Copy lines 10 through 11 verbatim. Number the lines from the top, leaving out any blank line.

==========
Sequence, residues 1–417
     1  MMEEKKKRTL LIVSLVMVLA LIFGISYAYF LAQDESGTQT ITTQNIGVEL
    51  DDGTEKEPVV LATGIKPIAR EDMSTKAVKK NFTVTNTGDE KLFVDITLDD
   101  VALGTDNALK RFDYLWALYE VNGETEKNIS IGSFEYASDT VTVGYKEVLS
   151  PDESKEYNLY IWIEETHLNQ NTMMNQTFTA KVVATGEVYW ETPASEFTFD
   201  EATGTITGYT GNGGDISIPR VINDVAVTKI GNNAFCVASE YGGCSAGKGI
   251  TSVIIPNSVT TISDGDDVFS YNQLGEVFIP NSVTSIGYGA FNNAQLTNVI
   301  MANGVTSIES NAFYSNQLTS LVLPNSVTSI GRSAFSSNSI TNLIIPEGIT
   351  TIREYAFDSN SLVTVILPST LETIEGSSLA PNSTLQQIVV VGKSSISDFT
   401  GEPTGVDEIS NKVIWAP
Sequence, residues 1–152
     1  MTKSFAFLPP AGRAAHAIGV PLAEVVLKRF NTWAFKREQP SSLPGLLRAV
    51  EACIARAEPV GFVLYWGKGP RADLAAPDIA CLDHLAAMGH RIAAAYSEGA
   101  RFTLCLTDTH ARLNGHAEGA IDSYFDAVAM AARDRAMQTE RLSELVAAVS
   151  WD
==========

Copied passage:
   401  GEPTGVDEIS NKVIWAP
Sequence, residues 1–152